Moving WiMax Into VoIP

Last week, California-based fixed wireless provider NextWeb announced plans to launch voice over IP in its service areas in California and Nevada through a partnership with VoIP facilitator CommPartners. According to the companies, this will be the largest deployment of VoIP services over a pre-WiMax network in the U.S.

Dave Williams, NextWeb’s vice president of Products, Markets and Systems, says the company explored a wide range of options before settling on CommPartners. “They’ve got a very robust, business-oriented voice over IP service that’s already developed, and a voice over IP network that spans across the country,” he says. “So it allowed us a quicker time to market with a very robust platform.”

The challenge, Williams says, lay in finding a service that would satisfy the requirements of NextWeb’s business customers. “Unlike a consumer service that may accept some dropped calls over the public Internet, we really wanted to provide something that was a true alternative to using the phone company,” he says.

In order to ensure quality of service, NextWeb’s and CommPartners’ networks are interconnected directly, not via the Internet. “CommPartners has built interconnects in all the major markets and LECs [local exchange carriers] out there, and that allows the voice traffic that’s destined for the PSTN to bypass the Internet,” Williams says. “And getting the call from the customer to the softswitch platform, that’s over our WiMax network and also bypasses the Internet, so we can control the quality and provide a true business-class solution.”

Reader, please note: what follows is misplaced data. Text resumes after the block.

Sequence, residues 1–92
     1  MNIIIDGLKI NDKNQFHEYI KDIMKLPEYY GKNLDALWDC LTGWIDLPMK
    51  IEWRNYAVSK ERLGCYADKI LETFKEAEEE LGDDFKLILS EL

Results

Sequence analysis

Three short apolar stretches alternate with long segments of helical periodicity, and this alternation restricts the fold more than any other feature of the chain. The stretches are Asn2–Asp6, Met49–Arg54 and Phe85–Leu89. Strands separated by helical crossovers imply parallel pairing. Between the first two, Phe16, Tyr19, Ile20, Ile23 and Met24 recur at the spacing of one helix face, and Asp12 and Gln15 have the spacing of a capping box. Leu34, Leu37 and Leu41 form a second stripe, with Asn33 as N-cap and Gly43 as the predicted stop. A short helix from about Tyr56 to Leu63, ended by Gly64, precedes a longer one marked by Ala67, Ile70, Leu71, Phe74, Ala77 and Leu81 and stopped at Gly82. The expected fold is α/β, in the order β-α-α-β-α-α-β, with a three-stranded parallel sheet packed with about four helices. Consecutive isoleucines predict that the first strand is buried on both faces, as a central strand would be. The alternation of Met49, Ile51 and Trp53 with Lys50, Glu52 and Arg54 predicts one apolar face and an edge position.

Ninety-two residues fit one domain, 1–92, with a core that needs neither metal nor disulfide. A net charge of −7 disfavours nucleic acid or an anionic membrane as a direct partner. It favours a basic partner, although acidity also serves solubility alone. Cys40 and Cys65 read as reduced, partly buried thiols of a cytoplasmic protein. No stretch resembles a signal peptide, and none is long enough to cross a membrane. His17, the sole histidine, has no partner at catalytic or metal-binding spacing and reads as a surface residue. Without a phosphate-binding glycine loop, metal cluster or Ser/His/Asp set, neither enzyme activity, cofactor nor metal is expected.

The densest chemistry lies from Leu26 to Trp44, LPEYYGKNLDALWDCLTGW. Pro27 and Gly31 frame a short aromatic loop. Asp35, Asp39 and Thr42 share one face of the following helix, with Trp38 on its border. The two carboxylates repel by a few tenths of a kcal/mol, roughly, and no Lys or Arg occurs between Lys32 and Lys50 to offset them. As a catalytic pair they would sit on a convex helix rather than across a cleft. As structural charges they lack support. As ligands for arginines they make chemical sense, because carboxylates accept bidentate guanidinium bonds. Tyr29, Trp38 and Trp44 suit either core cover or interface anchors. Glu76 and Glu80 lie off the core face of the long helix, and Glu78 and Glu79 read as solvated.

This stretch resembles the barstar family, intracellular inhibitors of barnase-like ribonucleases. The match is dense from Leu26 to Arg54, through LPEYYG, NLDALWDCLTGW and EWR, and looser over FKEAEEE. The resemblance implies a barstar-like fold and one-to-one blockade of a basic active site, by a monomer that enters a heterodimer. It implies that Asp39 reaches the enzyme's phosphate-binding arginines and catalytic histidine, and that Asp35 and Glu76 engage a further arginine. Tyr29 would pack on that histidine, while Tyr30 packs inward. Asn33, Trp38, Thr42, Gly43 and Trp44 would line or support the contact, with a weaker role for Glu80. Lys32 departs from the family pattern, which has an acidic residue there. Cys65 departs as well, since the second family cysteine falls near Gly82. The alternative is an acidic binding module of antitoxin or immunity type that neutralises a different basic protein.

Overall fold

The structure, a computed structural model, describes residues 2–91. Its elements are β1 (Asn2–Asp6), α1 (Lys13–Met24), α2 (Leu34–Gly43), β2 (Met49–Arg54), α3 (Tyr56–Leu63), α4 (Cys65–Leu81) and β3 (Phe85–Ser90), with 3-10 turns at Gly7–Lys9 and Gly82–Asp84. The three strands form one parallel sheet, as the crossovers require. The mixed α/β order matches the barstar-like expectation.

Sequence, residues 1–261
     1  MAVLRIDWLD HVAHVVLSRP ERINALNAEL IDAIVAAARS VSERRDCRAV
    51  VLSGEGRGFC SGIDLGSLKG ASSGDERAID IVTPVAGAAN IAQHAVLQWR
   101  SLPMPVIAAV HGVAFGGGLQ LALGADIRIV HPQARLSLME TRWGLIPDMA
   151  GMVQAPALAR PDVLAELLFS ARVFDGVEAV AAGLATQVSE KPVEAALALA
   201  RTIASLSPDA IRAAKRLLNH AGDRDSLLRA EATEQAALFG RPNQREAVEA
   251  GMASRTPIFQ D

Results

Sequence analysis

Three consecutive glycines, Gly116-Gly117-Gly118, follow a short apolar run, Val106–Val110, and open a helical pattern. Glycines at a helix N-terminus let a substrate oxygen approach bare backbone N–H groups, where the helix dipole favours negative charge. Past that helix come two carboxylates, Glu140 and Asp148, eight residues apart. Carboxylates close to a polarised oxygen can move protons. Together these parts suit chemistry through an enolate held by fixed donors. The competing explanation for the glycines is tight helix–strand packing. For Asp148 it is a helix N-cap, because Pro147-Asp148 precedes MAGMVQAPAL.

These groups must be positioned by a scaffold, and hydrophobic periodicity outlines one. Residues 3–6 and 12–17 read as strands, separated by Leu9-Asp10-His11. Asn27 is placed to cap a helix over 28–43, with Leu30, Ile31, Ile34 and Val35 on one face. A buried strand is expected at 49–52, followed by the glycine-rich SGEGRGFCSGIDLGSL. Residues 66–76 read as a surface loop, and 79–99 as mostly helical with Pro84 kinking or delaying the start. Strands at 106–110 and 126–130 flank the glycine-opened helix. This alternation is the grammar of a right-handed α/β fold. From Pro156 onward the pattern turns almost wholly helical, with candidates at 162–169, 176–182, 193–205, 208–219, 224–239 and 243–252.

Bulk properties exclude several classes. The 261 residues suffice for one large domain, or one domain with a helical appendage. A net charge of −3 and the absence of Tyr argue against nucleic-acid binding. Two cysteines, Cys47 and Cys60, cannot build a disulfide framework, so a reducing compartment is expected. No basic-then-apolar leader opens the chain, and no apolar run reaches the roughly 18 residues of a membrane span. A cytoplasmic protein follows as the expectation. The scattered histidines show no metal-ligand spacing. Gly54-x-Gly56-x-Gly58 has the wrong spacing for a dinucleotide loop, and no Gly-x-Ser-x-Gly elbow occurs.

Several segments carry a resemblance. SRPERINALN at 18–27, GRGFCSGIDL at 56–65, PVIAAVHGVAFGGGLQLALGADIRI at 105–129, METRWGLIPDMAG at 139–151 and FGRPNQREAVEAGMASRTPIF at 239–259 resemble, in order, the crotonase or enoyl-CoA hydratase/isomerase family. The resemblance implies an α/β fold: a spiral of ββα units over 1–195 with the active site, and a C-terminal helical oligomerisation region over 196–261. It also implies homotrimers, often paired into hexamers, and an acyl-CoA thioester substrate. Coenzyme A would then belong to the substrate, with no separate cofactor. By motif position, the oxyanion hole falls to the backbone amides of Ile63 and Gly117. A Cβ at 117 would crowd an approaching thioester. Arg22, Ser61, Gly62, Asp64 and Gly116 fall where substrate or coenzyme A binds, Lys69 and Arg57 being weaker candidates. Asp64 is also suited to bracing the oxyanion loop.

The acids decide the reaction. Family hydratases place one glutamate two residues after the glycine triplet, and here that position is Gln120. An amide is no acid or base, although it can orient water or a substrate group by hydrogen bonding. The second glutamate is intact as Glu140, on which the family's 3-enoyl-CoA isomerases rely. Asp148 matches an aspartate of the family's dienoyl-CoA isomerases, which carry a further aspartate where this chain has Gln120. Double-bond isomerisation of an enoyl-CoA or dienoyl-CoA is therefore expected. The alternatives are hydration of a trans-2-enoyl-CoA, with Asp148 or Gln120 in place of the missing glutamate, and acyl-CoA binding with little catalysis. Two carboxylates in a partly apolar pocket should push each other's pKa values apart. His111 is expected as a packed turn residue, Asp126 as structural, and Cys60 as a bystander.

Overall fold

Williams says he expects the VoIP service to attract a new group of customers to NextWeb. “Businesses with multiple locations or even some teleworkers will be able to have one platform for all of those offices, with extension dialing, direct lines, and advanced features like auto-attendant, voice-mail, Outlook integration, and a Web-based control panel,” he says.

According to Williams, the NextWeb service offers more flexibility than VoIP over wired broadband can. “Let’s say you’ve got a T-1 for your office and you’ve got three to twenty lines coming in for voice,” he says. “Once you get over five or six, you’re probably moving to a T-1 for your voice—so now you have two under-utilized services that you’re paying for.”

“With NextWeb, we can handle all of that traffic on one circuit, and as the actual bandwidth needs exceed, say, the speed of a single T-1, we can scale that up,” Williams says. “Our standard Super-T service is four times the speed of a standard T-1, so we can scale to handle growth in both their voice needs and their data needs, all with one circuit.”

NextWeb’s network is currently “pre-WiMax,” though Williams says the company has tried to anticipate the requirements of WiMax as closely as possible. “When we get to the true WiMax systems, they will add additional benefits to us as a carrier, because the WiMax standard will add some bandwidth capacity to our network, and it’ll also help drive some of the costs down,” he says.

Once economies of scale make the system cheaper to deploy, Williams says, NextWeb plans to move beyond business users to target the consumer market. “At last count, we’ve got over 20 million population within our business coverage,” he says. “With the way we’ve built our network, we’re going to be well-positioned to go after that market down the road.”

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